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/Slain Wisconsin nurse found frozen, bleeding under her car was beloved by patients
Slain Wisconsin nurse found frozen, bleeding under her car was beloved by patients

Slain Wisconsin nurse found frozen, bleeding under her car was beloved by patients


Carlie Beaudin

Carlie Beaudin (Photo: Medical College of Wisconsin)

Carlie Beaudin’s dog, Baloo, was the first to alert her husband, Nick, that something was wrong. It was about 4 a.m. and Baloo woke him up. Carlie wasn’t home.
She often worked late at her job as a nurse practitioner at the Medical College of Wisconsin and Froedtert Hospital and came home after Nick was in bed. But not this late.
“The rest of the morning was phone calls, terror and grief,” Nick Beaudin said of Friday morning.
Carlie Beaudin was found trapped beneath her car, bleeding and frozen in a parking garage of the hospital about 3:43 a.m. She was taken to Froedtert, where she died a short time later. She was 33.
Milwaukee County sheriff’s officials have ruled it a homicide and say they have a 27-year-old man in custody. They arrested the man Friday near North 37th Street and West Wisconsin Avenue after receiving a tip. No charges have yet been filed.
Nick Beaudin said he was not able to talk about the investigation Sunday night per the advice of sheriff’s deputies.
He said it was Carlie’s laugh that first drew him to her when they met on the set of a musical back in 2003. She had the lead role in “Seven Brides for Seven Brothers” for a local theater company.
“Her laugh caught me off guard,” he said. “She was amazing…She had a wonderful singing voice…and she cared so much about people. She would ask you questions and she would care about your answer.”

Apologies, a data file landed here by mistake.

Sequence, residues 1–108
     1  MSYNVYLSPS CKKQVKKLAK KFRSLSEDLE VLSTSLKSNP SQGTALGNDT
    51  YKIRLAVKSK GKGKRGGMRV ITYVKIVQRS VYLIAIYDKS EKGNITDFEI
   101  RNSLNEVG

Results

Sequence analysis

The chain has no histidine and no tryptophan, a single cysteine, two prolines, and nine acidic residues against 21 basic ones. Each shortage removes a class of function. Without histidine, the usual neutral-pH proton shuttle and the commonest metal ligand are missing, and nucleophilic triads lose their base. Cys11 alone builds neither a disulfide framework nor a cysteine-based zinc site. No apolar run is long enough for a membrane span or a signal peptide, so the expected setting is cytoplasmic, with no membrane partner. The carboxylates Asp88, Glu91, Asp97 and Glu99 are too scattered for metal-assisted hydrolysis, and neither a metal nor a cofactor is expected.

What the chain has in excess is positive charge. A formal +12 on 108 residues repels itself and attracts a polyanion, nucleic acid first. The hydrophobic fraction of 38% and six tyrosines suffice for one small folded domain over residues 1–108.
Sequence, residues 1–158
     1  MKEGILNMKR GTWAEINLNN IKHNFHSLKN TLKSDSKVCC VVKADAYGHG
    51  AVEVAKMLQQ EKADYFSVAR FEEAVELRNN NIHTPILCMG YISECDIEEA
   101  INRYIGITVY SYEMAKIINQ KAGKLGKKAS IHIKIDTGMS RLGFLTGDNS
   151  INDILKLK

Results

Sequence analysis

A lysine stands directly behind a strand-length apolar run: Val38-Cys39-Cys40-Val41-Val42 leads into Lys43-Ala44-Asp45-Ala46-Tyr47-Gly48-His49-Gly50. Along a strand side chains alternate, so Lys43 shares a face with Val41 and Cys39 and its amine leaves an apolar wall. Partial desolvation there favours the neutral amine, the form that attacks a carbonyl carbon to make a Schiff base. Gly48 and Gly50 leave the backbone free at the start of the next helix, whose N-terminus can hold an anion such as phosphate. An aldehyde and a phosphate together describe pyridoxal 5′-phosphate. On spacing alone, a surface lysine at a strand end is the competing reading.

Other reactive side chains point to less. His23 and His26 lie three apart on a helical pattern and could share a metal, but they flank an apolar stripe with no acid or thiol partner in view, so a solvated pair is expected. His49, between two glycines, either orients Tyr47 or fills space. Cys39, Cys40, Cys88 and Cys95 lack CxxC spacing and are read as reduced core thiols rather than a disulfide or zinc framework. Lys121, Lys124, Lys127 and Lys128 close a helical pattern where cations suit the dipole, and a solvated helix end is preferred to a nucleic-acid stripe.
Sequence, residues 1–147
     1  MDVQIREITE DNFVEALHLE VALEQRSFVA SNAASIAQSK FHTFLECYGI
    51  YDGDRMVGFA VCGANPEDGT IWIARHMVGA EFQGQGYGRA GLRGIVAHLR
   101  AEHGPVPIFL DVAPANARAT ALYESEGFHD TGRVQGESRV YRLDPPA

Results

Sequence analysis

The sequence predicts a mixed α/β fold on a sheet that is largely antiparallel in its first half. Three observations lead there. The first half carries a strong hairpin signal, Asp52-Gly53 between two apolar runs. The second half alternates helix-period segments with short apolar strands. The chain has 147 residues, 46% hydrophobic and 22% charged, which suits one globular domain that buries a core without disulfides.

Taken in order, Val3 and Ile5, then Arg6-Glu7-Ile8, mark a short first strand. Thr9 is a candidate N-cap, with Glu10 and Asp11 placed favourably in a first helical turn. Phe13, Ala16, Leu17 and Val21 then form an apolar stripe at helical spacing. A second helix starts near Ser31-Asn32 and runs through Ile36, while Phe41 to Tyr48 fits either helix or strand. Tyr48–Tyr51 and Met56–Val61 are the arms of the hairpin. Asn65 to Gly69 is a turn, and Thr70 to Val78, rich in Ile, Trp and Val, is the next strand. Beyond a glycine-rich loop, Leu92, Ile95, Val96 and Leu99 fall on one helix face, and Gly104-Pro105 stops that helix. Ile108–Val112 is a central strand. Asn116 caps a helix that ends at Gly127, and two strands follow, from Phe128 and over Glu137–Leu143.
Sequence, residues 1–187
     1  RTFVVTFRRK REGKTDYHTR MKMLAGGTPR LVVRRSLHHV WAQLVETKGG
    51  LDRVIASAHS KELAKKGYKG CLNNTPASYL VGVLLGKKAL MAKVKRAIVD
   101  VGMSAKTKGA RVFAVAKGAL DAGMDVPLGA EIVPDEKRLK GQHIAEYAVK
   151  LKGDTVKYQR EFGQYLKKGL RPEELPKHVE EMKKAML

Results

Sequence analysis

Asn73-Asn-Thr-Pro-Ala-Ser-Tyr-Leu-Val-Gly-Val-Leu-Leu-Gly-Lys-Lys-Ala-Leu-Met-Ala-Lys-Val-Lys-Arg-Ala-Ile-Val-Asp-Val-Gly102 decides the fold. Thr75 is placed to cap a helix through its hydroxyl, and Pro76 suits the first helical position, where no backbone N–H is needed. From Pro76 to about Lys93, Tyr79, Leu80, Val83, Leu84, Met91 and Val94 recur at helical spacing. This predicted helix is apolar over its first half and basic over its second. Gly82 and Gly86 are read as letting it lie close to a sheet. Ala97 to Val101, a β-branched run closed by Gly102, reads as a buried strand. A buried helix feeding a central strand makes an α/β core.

Nick proposed to Carlie at a youth opera performance in South Milwaukee while they were on stage, just after singing a duet. Carlie wrote about the August 2007 day on Facebook.
“After the song, I was about to walk off stage when Nick stopped me, and then I instantly knew, lol,” she wrote. “He gave a very sweet little speech and then asked me in front of the entire audience.”
Nick Beaudin proposes to Carlie following the song “Come What May” that they sang together during the South Shore Youth Opera Ensemble’s La Musica Bella on Aug. 15, 2007, at the South Milwaukee Performing Arts Center. (Photo: Ron Kuenstler)
Carlie was an animal lover and the Greendale couple adopted, Baloo, an affectionate beagle-mix, from the Wisconsin Humane Society.
Carlie was also passionate about cancer care and when she didn’t get enough time to talk with patients, she decided to volunteer regularly in hospice care, Nick said.
Carlie was honored with a Daisy Award in 2012, recognizing her outstanding work with patients.
One of her nominators said Carlie’s caring and sensitivity saved her life.
“Her compassion helped to pull me from the depth of my despair and I am now recovering at home,” the nominator said. “Without Carlie’s help I do not believe I would be here today.”
“Carlie epitomized the kind of care the Daisy Award was created to celebrate,” said Bonnie Barnes, co-founder and president of the California-based Daisy Foundation. “This is a tragic loss to the Froedtert community and the patients who so dearly benefited from her compassion and skill.”
In her own words posted on Facebook in 2015, she talked about her favorite things: singing and talking to people.
“Singing because it gives you a sense of freedom and confidence,” she wrote. “I love talking with people because you learn something new every time you talk with someone.”
And she talked about her love for Nick.
“I adore him,” she wrote.
Froedtert and the Medical College released a statement Sunday night saying Carlie had worked at the campus for more than a decade and had a tremendous impact.
“She was a respected and loyal employee of the Medical College of Wisconsin since 2014 and Froedtert Hospital from 2007-2014,” the statement said. “Her presence was felt by all who knew her, providing both warmth and strength to patients as well as mentorship to new advanced practice providers (APPs) and nurses …
“We continue to work closely with law enforcement and remain vigilant about the emotional and physical safety of every person who works or studies at, is cared for by, or visits our campuses, clinics and hospitals. We have enhanced security measures to ensure a safe environment.”
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